We have all heard of the phrase “The customer is right”. We have also heard of the phrase “The bible is right” (You can replace this by Kuran or Gita or whatever your religious preference maybe).
This concept has been drilled into us with quotes from great people, “A customer is the most important visitor on our premises. He is not dependent on us. We are dependent on him. He is not an interruption in our work. He is the purpose of it. He is not an outsider in our business. He is part of it. We are not doing him a favour by serving him. He is doing us a favour by giving us an opportunity to do so.”
We in VA have a phrase right outside our physical and virtual walls “…for the skeptical, obsessive, and demanding” to symbolize who our customer is and that we have built the company for them.
But does this mean that the customer is right all the time? Can we really not question them at all? Should we try to hide the truth from them? (Customers are human and can’t measure us on judgment day. Right?)
Our customers are unique to the work that we do. We are much like builders or architects that build custom homes. Let us say if we want to hoist a 1000 pound chandelier in your little “town home”. Your architect and designer should both say that it is neither practical nor appealing. We all know that designers, architects and contractors tell us how things are getting delayed well in advance. What they really do well is to manage our expectations or ‘Manage customer expectation’ with proactive communication. They tell you what is available and what is not for the price, time and quality expectation you have.
In the same way many of the customers that come to us don’t know how to build a product or the best way to run their operations. They will be asking us to build a third floor without a first floor. They might not consider all aspects of the product like asking for a house without doors. It is our responsibility as product engineers and product experts to advise these customers on what they need to do and how they can do it. More than anything else, it is critical for us to tell them that we are getting delayed (i.e., if we are getting delayed for any reason).
When we position services to our prospects we talk about the concept of ‘Service Years’ which is the number of processes that each one of us has worked on and the benefits that the customers can derive from Service Years.
With this said it, becomes critical for each one of us to do the following;
Always understand what the client wants to do with the product and their business plan.
Learn about the customer and their competition. That way you get a better feel for the customer market space.
Give practical timelines (Don’t try to pad them nor be aggressive with the time estimate. When in doubt, check with someone within the organization before committing to the customer).
Maintain a clean dashboard charting out the progress of the client’s operations and send it to them on a weekly basis at a regular operating rhythm. I have found that Friday is a good day to send these reports. In these reports clearly list out everything that is going to be complete and more importantly make sure that you list out the risks! This is critical.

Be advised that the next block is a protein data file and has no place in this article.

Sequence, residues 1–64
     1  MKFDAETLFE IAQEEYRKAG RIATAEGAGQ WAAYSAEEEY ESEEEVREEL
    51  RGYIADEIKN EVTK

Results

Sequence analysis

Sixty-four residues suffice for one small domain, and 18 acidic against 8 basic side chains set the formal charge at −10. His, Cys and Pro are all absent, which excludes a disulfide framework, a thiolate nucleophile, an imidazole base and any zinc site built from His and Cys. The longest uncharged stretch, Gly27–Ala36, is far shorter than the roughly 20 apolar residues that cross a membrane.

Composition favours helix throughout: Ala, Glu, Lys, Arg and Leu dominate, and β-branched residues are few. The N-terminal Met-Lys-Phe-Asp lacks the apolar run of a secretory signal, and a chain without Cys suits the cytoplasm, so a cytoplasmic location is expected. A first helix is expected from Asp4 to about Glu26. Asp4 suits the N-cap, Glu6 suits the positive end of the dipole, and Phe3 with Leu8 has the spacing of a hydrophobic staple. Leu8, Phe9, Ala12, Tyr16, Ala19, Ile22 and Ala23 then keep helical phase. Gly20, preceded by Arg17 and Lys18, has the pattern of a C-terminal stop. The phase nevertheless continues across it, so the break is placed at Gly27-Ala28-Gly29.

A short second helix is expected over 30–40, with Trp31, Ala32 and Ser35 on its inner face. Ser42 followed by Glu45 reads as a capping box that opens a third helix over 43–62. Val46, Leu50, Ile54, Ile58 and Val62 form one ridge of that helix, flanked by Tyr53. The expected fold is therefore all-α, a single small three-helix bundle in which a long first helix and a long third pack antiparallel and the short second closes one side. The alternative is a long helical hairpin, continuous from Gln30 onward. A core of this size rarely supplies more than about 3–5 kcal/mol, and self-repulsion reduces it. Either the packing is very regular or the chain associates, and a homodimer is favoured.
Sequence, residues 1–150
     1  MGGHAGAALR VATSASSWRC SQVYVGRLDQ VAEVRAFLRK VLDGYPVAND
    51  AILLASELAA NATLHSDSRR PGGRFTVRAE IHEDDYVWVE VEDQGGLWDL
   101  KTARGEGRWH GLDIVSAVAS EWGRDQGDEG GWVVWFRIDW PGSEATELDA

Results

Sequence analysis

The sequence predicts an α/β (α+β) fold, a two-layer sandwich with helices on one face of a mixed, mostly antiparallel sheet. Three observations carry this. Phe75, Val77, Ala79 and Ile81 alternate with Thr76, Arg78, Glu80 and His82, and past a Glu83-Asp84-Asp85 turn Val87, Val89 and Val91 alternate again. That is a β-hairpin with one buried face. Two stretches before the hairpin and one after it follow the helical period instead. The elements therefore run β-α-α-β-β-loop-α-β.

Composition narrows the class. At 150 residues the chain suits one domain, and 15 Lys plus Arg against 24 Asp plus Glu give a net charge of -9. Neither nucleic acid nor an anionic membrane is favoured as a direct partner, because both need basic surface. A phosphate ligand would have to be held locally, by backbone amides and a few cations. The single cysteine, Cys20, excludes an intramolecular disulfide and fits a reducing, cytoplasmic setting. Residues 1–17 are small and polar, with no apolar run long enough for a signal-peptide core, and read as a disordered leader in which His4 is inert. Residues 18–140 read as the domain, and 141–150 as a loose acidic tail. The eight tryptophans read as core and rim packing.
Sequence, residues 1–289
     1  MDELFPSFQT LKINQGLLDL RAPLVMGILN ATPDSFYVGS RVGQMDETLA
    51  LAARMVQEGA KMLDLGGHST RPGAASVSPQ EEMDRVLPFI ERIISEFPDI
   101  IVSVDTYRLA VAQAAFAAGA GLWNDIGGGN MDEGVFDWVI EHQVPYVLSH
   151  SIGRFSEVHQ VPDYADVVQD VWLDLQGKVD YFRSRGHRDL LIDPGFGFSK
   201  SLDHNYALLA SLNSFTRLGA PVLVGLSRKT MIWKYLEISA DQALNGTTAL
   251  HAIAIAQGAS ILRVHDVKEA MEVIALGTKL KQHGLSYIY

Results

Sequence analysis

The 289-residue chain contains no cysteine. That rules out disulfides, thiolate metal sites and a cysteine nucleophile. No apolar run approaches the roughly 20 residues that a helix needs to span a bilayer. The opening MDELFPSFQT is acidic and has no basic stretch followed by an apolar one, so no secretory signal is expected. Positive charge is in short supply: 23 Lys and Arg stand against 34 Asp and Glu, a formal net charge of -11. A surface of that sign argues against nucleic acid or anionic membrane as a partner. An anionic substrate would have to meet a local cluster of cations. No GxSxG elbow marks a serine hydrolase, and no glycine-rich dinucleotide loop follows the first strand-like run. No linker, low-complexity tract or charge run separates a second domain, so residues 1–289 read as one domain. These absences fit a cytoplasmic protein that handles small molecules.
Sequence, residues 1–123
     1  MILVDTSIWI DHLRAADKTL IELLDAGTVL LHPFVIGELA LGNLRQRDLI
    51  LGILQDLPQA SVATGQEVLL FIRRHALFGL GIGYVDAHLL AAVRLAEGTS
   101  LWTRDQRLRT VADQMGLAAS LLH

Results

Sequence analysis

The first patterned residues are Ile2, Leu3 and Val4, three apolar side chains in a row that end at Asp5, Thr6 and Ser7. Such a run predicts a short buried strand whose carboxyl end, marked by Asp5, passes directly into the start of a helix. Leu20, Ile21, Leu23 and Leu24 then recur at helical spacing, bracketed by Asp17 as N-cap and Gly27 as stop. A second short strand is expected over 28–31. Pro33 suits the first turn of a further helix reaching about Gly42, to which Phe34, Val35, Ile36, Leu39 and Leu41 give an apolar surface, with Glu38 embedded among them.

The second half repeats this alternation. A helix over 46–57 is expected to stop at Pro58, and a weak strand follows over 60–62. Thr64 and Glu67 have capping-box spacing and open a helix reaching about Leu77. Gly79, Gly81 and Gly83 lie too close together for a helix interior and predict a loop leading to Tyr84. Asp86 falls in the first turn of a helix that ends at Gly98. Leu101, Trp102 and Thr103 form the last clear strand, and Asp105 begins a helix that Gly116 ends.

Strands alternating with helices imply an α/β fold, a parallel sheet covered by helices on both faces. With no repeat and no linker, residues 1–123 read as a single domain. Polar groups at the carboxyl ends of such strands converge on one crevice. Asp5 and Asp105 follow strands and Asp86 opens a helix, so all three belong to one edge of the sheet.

When the client makes unreasonable demands, see how best you can get it done. But never say you will do it when you can simply can’t. Customers don’t tend to remember that you had protested. They only remember that you had committed to doing it.
If there are any changes to the requirements or process changes please create a revision number on each requirement and make sure that you keep the customer updated about the time that you are spending on rework
Make sure that you solicit and get a quarterly ‘Customer Satisfaction Rating (CSR)’. Make sure that you communicate clearly and keep up your promises.
Bottom-line: The customer is right, in that they understand their business space better, but we understand the back-office services space better. We are the market leader and we have many, many more ‘Service Years’ than the customer. Let us start acting like it and have real partnerships with customers. Not just assume that they are right and do whatever; and just whatever they ask us to do. This mindset has brought our organization to where we are today and this mindset is what is going help us stay ahead of the competition.
Questions to the reader:
Are there more things that we need to do other than the seven steps that we have listed here?
What has been your best experience in not doing something that the customer wanted you to do and how did it help the customer?
About Vantage Agora
Vantage Agora (VA) is a global provider of back-office solutions, custom IT services and consulting services for companies in the insurance, finance, and healthcare sectors. As a SSAE 16 Type II audited company, Vantage Agora utilizes advanced data processing and quality control systems on a secured network to ensure efficient, comprehensive management of back-office functions such as insurance, accounting, financial and administrative tasks. Founded in 2004,Vantage Agora has offices in Cleveland and Dallas.